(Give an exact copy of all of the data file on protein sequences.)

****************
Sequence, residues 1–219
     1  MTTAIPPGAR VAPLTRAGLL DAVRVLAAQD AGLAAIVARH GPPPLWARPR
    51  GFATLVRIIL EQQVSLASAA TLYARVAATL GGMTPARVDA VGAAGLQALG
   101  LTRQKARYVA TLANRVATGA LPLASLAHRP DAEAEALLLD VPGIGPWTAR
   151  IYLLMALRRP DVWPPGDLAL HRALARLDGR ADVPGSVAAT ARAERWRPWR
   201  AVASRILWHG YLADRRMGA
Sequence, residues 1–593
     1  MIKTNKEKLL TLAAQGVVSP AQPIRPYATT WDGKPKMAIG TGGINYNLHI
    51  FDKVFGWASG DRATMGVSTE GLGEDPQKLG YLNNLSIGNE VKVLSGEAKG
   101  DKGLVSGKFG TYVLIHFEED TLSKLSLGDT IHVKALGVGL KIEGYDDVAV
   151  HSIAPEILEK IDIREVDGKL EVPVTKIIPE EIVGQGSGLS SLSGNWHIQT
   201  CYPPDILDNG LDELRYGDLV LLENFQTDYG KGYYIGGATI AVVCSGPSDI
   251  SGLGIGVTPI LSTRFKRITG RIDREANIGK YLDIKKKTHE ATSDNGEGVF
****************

Sequence, residues 1–219
     1  MTTAIPPGAR VAPLTRAGLL DAVRVLAAQD AGLAAIVARH GPPPLWARPR
    51  GFATLVRIIL EQQVSLASAA TLYARVAATL GGMTPARVDA VGAAGLQALG
   101  LTRQKARYVA TLANRVATGA LPLASLAHRP DAEAEALLLD VPGIGPWTAR
   151  IYLLMALRRP DVWPPGDLAL HRALARLDGR ADVPGSVAAT ARAERWRPWR
   201  AVASRILWHG YLADRRMGA
Sequence, residues 1–593
     1  MIKTNKEKLL TLAAQGVVSP AQPIRPYATT WDGKPKMAIG TGGINYNLHI
    51  FDKVFGWASG DRATMGVSTE GLGEDPQKLG YLNNLSIGNE VKVLSGEAKG
   101  DKGLVSGKFG TYVLIHFEED TLSKLSLGDT IHVKALGVGL KIEGYDDVAV
   151  HSIAPEILEK IDIREVDGKL EVPVTKIIPE EIVGQGSGLS SLSGNWHIQT
   201  CYPPDILDNG LDELRYGDLV LLENFQTDYG KGYYIGGATI AVVCSGPSDI
   251  SGLGIGVTPI LSTRFKRITG RIDREANIGK YLDIKKKTHE ATSDNGEGVF